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Manchester Evening News
Manchester Evening News
Kieran Isgin

Flight attendant shares top holidaymaker tips for sleeping safely in a hotel

A flight attendant has shared her vital security tips for anyone staying in a hotel while on holiday.

American cabin crew member Cici has a security routine which she follows to the letter whenever she checks in. Sharing her tips on her TikTok account, she said security is always in the front of her mind when on a stop over with work or in a rented room for leisure, the Express reports.

Before even entering the room, the travel expert advises counting the number of doors to the exit stairwell. This is crucial in the rare event there is a fire and "it is too dark or smokey" for hotel guests to see where the exits are.

Read more: A 'quirky' Peak District village is only 90 minutes from Greater Manchester and it's perfect for a day trip

Cici also advises holidaymakers to familiarise themselves with the security and evacuation maps that are frequently displayed in hotel corridors. When you finally make it to your room, it's important to check that the door is fully shut whenever you leave - Cici highlighted that people often forget to do this.

"I see doors not fully shut all the time walking through the hallway," Cici said. It's common for hotel doors to be heavier than average so they may need a little extra push to close properly.

When in her room, the flight attendant also checks the peephole to ensure that it is closed. If there is no cover for it on the door, she advises people to "take some tissue and shove it in there so nobody can see inside your room".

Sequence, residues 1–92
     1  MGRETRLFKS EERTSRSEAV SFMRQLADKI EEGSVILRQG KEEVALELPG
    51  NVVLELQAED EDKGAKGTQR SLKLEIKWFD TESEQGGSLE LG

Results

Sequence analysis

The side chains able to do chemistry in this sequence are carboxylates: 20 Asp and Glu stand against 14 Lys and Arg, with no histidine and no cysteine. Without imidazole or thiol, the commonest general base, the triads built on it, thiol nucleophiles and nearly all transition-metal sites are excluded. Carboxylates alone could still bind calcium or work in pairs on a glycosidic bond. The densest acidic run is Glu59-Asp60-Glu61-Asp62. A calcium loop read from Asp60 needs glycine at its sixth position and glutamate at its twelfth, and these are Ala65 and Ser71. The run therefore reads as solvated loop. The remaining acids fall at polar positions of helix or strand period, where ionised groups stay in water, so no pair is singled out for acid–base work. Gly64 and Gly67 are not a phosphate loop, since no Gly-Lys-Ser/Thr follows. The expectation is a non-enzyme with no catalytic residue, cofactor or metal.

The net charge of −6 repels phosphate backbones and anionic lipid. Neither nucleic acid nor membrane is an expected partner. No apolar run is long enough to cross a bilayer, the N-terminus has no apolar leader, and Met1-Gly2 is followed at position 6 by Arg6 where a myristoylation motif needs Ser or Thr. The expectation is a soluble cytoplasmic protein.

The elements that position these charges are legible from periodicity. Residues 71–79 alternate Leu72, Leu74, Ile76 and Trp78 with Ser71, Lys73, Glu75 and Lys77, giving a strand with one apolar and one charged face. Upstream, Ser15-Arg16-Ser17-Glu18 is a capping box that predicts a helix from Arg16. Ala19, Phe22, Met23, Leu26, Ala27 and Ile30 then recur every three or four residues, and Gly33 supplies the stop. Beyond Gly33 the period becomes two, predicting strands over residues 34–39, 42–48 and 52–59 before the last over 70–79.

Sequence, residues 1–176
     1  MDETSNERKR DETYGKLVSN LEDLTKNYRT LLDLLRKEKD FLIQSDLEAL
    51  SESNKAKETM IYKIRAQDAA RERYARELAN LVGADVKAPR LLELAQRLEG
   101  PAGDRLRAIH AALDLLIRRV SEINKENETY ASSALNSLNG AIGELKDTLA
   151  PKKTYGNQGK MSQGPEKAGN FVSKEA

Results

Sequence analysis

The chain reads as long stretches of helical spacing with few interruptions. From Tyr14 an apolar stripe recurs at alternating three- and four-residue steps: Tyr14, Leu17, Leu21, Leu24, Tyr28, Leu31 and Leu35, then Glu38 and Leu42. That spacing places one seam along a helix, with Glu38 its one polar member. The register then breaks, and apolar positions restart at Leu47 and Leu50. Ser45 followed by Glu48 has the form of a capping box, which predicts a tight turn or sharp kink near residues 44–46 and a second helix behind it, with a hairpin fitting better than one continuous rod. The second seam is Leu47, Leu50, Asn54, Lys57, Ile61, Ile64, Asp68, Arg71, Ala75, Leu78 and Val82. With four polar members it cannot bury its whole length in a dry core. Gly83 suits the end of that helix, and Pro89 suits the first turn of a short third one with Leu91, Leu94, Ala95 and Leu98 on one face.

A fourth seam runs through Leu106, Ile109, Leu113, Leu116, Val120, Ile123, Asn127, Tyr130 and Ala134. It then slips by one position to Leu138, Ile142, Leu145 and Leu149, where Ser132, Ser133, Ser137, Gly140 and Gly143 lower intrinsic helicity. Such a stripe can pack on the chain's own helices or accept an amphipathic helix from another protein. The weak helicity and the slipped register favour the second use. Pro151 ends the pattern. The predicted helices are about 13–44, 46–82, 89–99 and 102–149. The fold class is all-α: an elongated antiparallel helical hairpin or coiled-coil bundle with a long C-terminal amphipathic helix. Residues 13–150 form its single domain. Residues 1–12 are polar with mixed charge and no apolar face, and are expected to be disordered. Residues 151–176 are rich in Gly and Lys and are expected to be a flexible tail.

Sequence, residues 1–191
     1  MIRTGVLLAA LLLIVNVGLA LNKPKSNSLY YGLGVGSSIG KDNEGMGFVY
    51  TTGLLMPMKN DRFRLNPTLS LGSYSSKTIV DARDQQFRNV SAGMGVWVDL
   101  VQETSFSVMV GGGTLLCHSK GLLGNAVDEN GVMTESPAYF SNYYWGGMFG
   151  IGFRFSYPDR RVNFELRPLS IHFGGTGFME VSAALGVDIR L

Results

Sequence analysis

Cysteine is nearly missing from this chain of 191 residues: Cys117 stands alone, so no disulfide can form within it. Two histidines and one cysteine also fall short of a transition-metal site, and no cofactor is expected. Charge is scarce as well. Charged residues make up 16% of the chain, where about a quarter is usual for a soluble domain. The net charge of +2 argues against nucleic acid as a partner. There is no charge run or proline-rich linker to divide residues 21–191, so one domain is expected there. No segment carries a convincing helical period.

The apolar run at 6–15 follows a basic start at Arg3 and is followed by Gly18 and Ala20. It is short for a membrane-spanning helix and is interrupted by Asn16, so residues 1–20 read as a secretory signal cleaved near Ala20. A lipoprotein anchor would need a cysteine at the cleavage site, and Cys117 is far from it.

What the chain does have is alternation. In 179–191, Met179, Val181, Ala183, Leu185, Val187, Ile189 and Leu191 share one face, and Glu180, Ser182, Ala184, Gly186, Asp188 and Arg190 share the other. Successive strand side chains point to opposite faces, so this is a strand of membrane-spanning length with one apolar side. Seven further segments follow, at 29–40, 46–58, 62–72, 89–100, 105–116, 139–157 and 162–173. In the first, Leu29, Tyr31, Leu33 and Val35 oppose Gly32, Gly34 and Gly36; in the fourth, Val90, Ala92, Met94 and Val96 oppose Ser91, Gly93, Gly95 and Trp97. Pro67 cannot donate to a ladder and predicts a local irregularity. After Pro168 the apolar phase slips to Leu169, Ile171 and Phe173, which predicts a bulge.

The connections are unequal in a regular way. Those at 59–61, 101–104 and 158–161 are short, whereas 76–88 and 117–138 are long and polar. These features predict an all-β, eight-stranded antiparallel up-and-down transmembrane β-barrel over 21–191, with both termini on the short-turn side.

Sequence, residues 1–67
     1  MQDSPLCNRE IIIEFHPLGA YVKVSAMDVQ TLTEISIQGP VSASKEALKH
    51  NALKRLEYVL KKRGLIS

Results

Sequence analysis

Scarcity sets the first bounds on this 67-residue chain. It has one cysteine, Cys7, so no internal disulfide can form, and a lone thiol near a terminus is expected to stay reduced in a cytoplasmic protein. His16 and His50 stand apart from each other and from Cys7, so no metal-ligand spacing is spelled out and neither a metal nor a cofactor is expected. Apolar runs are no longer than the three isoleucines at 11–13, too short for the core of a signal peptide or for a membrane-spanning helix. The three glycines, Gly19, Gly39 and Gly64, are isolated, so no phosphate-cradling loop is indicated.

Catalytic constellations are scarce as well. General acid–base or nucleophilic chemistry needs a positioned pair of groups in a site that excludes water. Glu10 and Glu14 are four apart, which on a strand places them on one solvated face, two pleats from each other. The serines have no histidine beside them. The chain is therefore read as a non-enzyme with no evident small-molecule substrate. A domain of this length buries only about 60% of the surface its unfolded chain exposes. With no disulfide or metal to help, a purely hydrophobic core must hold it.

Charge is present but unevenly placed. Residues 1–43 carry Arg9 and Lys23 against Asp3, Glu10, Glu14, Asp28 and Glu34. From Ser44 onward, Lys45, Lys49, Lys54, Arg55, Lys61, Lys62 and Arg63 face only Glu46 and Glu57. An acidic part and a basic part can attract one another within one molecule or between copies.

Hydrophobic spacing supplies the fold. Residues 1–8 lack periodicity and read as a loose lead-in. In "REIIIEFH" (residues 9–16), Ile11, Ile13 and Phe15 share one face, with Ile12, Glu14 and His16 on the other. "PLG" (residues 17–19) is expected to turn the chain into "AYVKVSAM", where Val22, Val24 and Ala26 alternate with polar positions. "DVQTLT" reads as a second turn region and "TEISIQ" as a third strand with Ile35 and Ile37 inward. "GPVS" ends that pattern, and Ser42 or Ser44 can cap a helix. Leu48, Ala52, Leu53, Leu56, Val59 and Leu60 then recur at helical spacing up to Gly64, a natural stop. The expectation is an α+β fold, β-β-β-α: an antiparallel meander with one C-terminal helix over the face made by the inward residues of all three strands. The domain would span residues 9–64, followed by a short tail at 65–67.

Another handy tip for extra security includes taking a small towel from the bathroom and wrapping it around the safety latch. Cici then closes the latch lock with the hand towel, which makes it more difficult for others to open.

She went on to explain that she uses "a personal safety alarm like the Birdie". Birdie is a personal safety alarm "made for women".

It produces "a loud alarm and flashing strobe light designed to deter an attack" and can be bough for less than £20 online. "I bought one for all the women in my life," Cici said.

The flight attendant is also on high alert whenever it comes to letting strangers in her room, even if they claim to be hotel staff. "If someone knocks at the room and says they are housekeeping, but you didn't order anything, call the front desk," Cici added.

"This could also be room service, security or anything you weren't expecting."

Finally, "for added protection at night", the flight attendant recommended using door safety alarms, which are set off if someone enters the room.

"Always bring two door wedges or door stop alarms just in case you have an adjoining room and they weren't able to accommodate your room request," she continues.

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